This article is part of our Rising Star Portfolios Series.

In my Rising Star portfolio, I have deployed my available cash into gold-related investments: two miners, plus physical gold via the Sprott Physical Gold Trust (NYSE: PHYS). This isn't because I have a King Midas complex; I'm trying to protect capital and provide an acceptable return over time. I'd love to be in stocks, but aside from isolated cases and sectors, I see considerably more value in precious metals.

Yet looking at my results, you might be unimpressed. My gold position is down 3%, and my first pick, Northgate Minerals (AMEX: NXG), has fallen 10%. This week I purchased Rubicon Minerals (AMEX: RBY); so far, it has been volatile, but is up slightly. I'm in this for the long haul, and I'm not concerned with short-term price swings, but nevertheless, here's my take on what's happening.

Gold down, market up
In kitchen terminology, gold has come off the boil just as the stock market has flamed up. After a spectacular run to $1,433 per ounce in early December, gold has fallen back to $1,335, a drop of almost $100. That sounds like a lot, but it's only a 7% move. Apple coughed up 6% in just one week starting Jan. 14. So for all the drama you read about gold crumbling, this type of move doesn't give that impression. At the same time, the market is rallying, and since December the S&P 500 is up 9%, reaching pre-October 2008 levels as investors have become much more bullish.

"Relaxing the standards"
But clearly, price doesn't equal value, and there doesn't seem to be much value in the market. Just as clearly, the more it goes up, the less value there will be. You would think that investors would start to ratchet back their equity holdings, but more money keeps rolling into the market: $7.7 billion in the week of Jan. 12 alone.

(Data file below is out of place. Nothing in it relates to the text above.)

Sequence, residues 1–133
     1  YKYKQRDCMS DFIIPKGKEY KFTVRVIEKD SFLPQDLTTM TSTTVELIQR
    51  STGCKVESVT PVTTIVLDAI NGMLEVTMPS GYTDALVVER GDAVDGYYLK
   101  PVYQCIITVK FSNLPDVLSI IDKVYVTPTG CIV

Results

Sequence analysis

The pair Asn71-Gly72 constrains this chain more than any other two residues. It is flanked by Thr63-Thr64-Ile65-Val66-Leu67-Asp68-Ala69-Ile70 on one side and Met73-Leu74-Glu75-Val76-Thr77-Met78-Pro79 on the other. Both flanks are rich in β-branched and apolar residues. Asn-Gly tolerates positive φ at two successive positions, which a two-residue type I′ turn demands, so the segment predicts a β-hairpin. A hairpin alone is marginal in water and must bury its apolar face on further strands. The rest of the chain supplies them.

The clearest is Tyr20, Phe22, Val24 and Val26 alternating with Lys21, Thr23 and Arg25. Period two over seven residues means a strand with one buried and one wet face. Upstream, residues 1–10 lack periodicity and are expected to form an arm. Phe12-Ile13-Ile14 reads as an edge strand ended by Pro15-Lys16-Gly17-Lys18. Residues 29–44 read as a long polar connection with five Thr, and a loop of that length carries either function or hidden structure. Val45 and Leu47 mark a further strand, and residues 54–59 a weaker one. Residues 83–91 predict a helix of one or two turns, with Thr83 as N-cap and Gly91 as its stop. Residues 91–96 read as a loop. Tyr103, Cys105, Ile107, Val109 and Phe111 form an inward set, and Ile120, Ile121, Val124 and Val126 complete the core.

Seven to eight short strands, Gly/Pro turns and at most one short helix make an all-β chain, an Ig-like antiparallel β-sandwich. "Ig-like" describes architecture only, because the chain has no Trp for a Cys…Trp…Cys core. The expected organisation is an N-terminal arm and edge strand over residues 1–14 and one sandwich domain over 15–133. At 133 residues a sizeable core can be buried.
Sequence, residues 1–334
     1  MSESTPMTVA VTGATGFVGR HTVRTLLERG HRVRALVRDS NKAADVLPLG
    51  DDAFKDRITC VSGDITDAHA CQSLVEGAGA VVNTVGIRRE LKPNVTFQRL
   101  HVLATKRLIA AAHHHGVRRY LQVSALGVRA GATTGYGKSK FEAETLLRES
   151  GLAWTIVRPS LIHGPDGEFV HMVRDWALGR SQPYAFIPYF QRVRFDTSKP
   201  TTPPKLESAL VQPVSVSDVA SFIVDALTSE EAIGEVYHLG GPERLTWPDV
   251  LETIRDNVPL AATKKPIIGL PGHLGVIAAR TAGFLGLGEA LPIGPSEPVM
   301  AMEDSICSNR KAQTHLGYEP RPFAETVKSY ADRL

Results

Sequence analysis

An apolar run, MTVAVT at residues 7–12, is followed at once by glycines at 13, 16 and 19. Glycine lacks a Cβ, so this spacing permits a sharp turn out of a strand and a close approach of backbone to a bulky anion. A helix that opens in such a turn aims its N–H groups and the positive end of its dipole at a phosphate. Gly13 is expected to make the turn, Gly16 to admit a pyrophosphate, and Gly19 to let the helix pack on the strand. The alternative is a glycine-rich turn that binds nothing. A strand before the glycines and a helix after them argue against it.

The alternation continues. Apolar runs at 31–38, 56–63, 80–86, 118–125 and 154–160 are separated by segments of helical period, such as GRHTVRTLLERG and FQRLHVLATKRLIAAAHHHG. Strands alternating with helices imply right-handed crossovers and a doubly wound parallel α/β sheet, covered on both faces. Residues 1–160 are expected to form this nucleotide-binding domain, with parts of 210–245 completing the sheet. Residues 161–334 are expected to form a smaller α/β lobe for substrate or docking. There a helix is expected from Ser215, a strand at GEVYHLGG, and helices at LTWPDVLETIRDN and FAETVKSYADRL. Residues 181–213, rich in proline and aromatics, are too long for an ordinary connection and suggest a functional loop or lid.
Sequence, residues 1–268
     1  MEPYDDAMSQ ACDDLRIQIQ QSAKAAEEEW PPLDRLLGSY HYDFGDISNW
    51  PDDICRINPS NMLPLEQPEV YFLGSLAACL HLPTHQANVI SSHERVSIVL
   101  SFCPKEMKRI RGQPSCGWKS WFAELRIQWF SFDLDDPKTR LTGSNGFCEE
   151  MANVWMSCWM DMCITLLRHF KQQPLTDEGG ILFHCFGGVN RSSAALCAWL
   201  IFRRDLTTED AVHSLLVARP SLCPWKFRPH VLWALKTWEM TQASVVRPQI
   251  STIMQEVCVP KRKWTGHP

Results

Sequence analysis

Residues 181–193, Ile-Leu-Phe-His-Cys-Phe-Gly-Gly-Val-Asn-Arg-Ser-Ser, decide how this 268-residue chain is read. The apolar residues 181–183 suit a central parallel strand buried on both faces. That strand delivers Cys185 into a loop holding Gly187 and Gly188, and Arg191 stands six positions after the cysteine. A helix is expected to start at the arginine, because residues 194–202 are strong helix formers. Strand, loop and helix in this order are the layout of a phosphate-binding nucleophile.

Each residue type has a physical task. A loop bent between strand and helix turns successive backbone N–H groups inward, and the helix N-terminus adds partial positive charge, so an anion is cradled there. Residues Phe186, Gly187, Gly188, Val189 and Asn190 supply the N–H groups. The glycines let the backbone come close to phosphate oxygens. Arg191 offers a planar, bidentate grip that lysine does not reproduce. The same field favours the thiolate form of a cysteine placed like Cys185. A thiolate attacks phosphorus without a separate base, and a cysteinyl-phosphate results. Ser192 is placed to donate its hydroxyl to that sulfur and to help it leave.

This poses a dilemma for fund managers. Some would like to ease up, but are forced to continue to buy, both to put incoming flows to work and because they are afraid of lagging the indexes. For example, to keep fully invested, this manager said he has to "relax somewhat the undervalued standards."

This isn't dot com-era craziness, but it's still craziness. Why relax your standards for valuation, ever? To me, that's a recipe for either disaster or subpar returns, neither of which I'm keen to experience.

The endgame
I admire the investor's candor, but not his strategy. The endgame matters most, and funds that pile into an overvalued market will look good … until they suddenly don't. Buying overvalued stocks never works. The Wall Street aphorism isn't "buy high and sell higher," it's "buy low and sell high." Buying undervalued stocks is a proven strategy, and if there's nothing to buy, I prefer to sit tight and wait for opportunities. That's one reason why, as an individual investor, you have an edge over the institutions: You're not pressured to act. 

I'll talk more in detail about my picks tomorrow, including a few I didn't pull the trigger on that have done well. But for now, I encourage you to stay the course and resist any pressure to be fully invested. Buying just to buy something could lead to poor outcomes.

This article is part of our Rising Star Portfolios series, where we give some of our most promising stock analysts cold, hard cash to manage on the Fool's behalf. We'd like you to track our performance and benefit from these real-money, real-time free stock picks. See all of our Rising Star analysts (and their portfolios).

Andrew Sullivan, CFA, owns shares of no companies listed above. Try any of our Foolish newsletter services free for 30 days. We Fools may not all hold the same opinions, but we all believe that considering a diverse range of insights makes us better investors. The Motley Fool has a disclosure policy.